When I heard The Alliance was doing an exploration into private exchanges and was looking for employers to participate in an advisory panel, I raised my hand to volunteer. Private exchanges are a topic I’ve had an interest in for some time, and this seemed like the perfect opportunity to learn more.
A Panel Approach
The Alliance hired a consultant to facilitate the discussion, conduct research and provide education for the benefit of all of us involved in the research. The panel consisted of 12 individuals representing 10 Alliance member companies. We were there for the same reason as The Alliance: Together we had a genuine interest in discovering what value private exchanges could bring to employers.
Our conversation got off to a great start. Employers in the room talked about the need to engage workers in their health, to change the way we offer benefits and to reduce claim volatility that can occur in bad claims years. Ways to address the cost of health care became a big part of this discussion. We then dug deep into the various private exchange models being offered on the market today, and realized that private exchanges are not the silver bullet solution to any of these needs.
Risk Sharing Issues
A moment of enlightenment for me was the realization that private exchanges do not provide a platform for risk sharing. In today’s private exchange model, you are either self-funded and take on your own risk, or you are fully-insured and you pay to transfer your risk to an insurance carrier. Either way, your plan is underwritten and renewed based on the risk of its population, so there is no “smoothing out” of claims as I would have hoped. Any risk that is transferred is actually transferred to employees that select a plan with lower coverage, not the exchange.
In another discussion, we reviewed the potential benefits of private exchanges. Today’s models can be described as technology platforms that allow employees to select from a handful of standardized plans. We discovered the number of plans available to workers would be based on the size of the employer. For example, a “dual choice” between two different insured plans is only available to a very large employer. In addition, plans can self-fund and even bring along their own TPA. Most exchanges make supplemental products available (i.e. accident and pet insurance) at the employer’s option. Wellness features are typically built in.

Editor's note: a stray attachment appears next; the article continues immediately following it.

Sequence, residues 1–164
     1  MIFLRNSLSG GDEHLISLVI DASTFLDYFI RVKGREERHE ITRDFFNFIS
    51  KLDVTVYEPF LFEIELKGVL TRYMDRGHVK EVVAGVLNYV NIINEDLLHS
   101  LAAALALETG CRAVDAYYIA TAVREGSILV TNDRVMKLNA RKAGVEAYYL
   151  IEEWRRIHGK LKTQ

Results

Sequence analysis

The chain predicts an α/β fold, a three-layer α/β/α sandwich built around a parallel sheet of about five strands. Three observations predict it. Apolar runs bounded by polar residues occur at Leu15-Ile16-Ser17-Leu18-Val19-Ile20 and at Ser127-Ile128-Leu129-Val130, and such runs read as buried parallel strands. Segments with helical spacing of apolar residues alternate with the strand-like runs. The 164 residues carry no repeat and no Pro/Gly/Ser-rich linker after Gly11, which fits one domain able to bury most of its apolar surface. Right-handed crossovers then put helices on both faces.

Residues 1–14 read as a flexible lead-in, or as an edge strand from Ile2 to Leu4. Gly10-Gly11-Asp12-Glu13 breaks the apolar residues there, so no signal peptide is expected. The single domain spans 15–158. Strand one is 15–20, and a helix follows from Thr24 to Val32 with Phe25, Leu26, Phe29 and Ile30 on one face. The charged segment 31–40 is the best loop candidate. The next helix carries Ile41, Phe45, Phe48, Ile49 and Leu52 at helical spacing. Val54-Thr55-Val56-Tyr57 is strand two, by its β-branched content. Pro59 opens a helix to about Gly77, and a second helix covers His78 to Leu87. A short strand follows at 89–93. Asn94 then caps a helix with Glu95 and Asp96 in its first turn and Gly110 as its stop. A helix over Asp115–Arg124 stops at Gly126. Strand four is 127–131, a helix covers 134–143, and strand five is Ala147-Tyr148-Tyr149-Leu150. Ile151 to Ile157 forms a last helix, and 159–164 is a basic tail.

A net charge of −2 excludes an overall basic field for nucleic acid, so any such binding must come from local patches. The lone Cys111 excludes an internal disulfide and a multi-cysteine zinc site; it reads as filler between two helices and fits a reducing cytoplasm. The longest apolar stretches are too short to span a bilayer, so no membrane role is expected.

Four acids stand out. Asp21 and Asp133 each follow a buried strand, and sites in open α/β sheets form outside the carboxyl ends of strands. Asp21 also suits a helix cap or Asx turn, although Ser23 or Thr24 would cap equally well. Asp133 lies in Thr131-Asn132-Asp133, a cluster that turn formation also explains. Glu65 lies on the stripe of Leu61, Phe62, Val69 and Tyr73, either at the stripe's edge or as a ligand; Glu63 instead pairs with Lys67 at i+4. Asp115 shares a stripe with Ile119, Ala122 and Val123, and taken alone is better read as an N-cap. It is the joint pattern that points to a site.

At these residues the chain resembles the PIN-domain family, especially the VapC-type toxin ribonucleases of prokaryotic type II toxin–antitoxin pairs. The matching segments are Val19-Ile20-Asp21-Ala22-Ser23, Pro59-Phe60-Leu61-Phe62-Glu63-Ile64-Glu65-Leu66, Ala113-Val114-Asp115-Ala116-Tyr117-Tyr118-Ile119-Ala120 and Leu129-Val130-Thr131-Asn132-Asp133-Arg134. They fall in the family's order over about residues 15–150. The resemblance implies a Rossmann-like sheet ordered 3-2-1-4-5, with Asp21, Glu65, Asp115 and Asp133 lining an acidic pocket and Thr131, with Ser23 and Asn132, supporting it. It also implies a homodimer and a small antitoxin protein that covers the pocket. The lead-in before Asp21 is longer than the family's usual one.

Get to the Bottom of Costs and Advantages
Panel participants realized that today’s private exchanges are not offering anything that self-funded employers can’t already accomplish. For example, many of us make a dual choice offering available to employees, and many of us already define the contribution we make toward employee benefits. We offer wellness programs. And we do this today without paying a commission or Administrative Services Only (ASO) fees to large consulting firms. So any employer looking at a private exchange for health benefits must work to get to the bottom of the true costs and advantages.
None of this is to say that private exchanges don’t bring value to certain types of companies. Larger employers with a workforce spread out across many states may find value in this model. And, today’s private exchanges may evolve to offer additional value to employers in time. But this discussion made me realize how much value Alliance members gain simply by buying health care together from the same regional providers through a cooperative we control. The private exchanges that are in existence today are a ways off from being able to achieve that.
Read the private exchange white paper, “Tackling the Tough Questions: A review of employers’ health benefit “pain points” and private exchanges,” which includes the results of The Alliance survey of employers on related topics.